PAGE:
Poket Sevens short stack on the bubble

    • Depor07
      Joined: 15.06.2010 Posts: 28
      Hey all a recent hand Im wondering about,
      Final four in a live tournament forty players. Im the short stack on 85,000 to my left is 150,000 then small is 95,000 and big blind on 250,000. I wake up with poket sevens, I shove and am called by the player to my left with pocket Jacks, I go home crying. The top three get paid in this structure and the prizes are 105 for third, 250 for second and 700 for first I feel like Im at least the second best player and have a good shot if I can get heads up with the big stack. Now normally Im sure shoving is correct, I need to accumulate blinds to stay alive and give myself a shot, however in this situation being on the bubble Im not sure if it it was the correct play, Im finding that I have a tendency to get carried away with pairs in the hole sometimes, not sure if I should be satisfied I made the correct play - though looking to my left could have made me a hundred dollars here perhaps - or if I should adjust my play, being extra tight in that early position out of the blinds on the bubble? Obviously its really a question of how much you adjust on the bubble ensuring you make the cash spots verses giving yourself a good shot at first?
  • 2 replies
    • alenstrat
      Joined: 13.03.2009 Posts: 821
      If you wanted to win the tourney, the right decision was to shove. If you wanted to get into the money only, depending on the player types your facing, 77 from utg might be a little weak.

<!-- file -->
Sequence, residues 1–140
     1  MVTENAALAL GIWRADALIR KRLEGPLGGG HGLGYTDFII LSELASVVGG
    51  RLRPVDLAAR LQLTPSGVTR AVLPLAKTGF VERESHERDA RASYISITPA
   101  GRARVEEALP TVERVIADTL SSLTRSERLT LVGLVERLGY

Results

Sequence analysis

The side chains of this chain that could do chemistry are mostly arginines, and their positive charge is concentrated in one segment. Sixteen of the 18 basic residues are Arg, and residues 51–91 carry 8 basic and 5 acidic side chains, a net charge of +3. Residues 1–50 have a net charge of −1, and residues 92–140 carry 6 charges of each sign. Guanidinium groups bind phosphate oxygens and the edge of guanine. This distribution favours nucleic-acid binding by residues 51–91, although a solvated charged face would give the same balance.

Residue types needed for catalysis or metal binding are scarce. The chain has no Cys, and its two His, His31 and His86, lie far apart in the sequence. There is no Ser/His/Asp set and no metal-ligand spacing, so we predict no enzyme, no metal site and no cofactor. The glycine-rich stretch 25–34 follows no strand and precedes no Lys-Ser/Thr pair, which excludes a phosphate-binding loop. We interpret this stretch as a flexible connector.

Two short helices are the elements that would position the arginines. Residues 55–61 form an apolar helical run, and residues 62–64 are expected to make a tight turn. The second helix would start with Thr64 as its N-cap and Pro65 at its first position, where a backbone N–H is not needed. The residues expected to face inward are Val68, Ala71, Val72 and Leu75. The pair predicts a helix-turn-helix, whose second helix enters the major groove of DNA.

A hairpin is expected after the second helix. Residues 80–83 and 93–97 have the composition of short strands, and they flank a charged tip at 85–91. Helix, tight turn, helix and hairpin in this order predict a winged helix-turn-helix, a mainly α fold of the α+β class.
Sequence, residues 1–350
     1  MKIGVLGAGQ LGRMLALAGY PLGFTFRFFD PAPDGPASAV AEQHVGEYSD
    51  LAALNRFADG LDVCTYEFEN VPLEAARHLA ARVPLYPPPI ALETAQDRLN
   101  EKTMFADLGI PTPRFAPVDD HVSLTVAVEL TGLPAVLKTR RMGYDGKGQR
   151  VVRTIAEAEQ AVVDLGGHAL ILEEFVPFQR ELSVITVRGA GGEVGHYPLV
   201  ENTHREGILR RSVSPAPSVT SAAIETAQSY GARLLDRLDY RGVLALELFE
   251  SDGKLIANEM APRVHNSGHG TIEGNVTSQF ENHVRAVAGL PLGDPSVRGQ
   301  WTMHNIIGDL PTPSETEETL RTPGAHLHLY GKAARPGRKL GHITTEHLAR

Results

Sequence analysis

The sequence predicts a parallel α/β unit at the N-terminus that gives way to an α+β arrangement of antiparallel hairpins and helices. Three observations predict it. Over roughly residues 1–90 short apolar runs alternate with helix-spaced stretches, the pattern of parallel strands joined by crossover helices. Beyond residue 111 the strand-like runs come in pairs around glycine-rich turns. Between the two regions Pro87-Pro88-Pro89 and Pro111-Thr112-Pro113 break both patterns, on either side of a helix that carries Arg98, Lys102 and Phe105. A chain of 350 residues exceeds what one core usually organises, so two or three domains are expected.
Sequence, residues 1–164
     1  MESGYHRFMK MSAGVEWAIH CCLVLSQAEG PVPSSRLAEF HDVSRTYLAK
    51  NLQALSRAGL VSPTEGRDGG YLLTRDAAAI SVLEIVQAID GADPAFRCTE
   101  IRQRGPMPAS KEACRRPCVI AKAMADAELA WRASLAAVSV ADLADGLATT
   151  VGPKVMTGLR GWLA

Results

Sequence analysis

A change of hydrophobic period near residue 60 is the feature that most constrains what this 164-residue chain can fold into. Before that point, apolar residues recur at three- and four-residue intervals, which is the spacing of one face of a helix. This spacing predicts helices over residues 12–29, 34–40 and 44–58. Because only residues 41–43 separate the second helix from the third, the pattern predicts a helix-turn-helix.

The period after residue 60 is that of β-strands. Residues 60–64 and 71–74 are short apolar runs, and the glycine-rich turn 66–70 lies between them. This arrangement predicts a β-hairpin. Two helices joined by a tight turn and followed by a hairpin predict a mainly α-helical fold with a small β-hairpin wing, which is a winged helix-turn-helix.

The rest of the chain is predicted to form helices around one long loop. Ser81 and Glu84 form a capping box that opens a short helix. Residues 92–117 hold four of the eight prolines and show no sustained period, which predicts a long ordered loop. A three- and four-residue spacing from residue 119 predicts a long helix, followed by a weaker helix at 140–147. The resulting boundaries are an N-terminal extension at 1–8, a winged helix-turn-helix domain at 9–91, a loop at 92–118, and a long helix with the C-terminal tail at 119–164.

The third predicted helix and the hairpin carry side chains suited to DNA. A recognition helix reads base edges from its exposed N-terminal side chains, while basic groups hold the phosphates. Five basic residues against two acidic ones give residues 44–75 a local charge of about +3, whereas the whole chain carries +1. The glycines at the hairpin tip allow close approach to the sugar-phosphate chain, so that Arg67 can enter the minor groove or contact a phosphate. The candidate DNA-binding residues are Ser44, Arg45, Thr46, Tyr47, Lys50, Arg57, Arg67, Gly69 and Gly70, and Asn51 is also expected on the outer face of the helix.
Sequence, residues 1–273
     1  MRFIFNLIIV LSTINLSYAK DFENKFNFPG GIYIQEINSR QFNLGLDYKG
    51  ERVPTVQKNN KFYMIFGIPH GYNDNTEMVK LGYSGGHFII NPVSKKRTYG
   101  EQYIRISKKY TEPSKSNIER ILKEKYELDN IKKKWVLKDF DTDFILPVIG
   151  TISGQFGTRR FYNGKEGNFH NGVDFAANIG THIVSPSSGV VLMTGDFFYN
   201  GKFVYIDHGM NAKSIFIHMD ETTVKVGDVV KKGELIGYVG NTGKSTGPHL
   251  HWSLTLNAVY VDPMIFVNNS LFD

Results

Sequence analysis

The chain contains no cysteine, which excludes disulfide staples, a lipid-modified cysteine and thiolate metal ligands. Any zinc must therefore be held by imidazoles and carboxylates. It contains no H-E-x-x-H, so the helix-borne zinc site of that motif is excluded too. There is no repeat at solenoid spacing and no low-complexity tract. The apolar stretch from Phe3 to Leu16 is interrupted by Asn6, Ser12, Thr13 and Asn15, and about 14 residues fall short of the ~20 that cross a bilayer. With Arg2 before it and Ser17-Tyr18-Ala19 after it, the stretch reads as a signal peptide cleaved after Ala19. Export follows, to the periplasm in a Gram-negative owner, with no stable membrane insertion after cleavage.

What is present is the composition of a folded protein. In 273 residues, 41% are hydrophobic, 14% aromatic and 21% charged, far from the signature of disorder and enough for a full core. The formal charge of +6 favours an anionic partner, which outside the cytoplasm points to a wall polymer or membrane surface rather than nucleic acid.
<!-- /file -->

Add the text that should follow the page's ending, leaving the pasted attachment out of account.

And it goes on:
• pzhon
      Joined: 17.06.2010 Posts: 1,151
      It is hard to analyze the situation without knowing the blinds. However, 77 is a top 10% pushing hand. If you aren't going to play 77, then you are going to be blinding down rapidly. This time, you ran into jacks, but the chance that at least one of the other three players has a higher pair is under 10%.

      Casual players often play too loosely early, and then too tightly near the bubble to try to limp into the money. Usually, you want to exploit this pattern, not emulate it. Yes, you are risk-averse, and it would be nice to make the money, but your opponents are risk-averse, too. That means they will call less often, which should encourage you to push with hands of moderate strength. On the bubble, you should call tightly against players who cover you, but usually you should still steal aggressively.

      I don't know whether the stack depth would allow you to make a smaller raise. However, medium pairs often have an information disadvantage postflop. Someone with QJ knows whether he hit the flop or not, but you are just going to be guessing most of the time. You should lean toward pushing hands which are hard to play as opposed to making small raises which will get flat-called.

      The 700-250-105 structure rewards making the money much less than the 50-30-20 structure for SNGs. One way to look at it is that about 30% of the prize pool (3x105) rewards making the money, as opposed to 60% (3x20%) for a 50-30-20 structure. A flatter structure like 50-30-20 often means you push wider from the SB, but tighter from the CO or earlier. So, you should lean toward pushing more from the CO than you would in a SNG, and even weaker pairs are normally playable from the CO in SNGs. Here are the Nash equilibriums for 700-250-105 and 50-30-20 assuming the blinds are 5,000/10,000. Of course, your opponents may not play according to the Nash equilibrium, but even if they are going to call with every better pair, lots of coin-flips, and few worse pairs, it looks like it is profitable to push 77.